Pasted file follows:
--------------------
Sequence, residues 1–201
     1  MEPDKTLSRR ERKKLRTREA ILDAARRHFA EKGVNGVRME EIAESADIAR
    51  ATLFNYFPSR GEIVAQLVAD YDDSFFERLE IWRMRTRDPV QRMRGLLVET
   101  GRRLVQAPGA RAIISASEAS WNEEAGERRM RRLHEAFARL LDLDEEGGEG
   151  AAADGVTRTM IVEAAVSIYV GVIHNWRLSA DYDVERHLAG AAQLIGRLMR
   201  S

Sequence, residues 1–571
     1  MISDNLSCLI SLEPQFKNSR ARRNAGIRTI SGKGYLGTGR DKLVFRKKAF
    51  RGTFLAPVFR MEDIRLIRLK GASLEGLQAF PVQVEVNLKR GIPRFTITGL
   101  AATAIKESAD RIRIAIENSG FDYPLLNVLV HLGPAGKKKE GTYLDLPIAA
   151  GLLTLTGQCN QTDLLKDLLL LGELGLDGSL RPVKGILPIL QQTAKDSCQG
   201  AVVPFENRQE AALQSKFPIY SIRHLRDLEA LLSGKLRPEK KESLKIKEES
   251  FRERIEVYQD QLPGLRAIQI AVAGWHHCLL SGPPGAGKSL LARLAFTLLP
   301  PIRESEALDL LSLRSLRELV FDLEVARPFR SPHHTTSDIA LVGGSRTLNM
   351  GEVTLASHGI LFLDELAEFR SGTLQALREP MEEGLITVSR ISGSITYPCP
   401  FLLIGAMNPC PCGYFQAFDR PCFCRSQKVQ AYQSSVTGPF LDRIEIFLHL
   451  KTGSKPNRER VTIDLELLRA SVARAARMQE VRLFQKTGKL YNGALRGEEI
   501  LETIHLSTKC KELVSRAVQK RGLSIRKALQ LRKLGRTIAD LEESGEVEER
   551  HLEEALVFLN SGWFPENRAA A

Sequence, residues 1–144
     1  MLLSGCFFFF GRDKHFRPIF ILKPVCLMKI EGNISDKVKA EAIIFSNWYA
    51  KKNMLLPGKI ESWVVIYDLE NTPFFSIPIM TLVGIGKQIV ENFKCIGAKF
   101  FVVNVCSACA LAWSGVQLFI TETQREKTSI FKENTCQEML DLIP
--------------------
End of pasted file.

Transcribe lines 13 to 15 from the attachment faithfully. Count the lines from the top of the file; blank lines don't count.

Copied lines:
   251  FRERIEVYQD QLPGLRAIQI AVAGWHHCLL SGPPGAGKSL LARLAFTLLP
   301  PIRESEALDL LSLRSLRELV FDLEVARPFR SPHHTTSDIA LVGGSRTLNM
   351  GEVTLASHGI LFLDELAEFR SGTLQALREP MEEGLITVSR ISGSITYPCP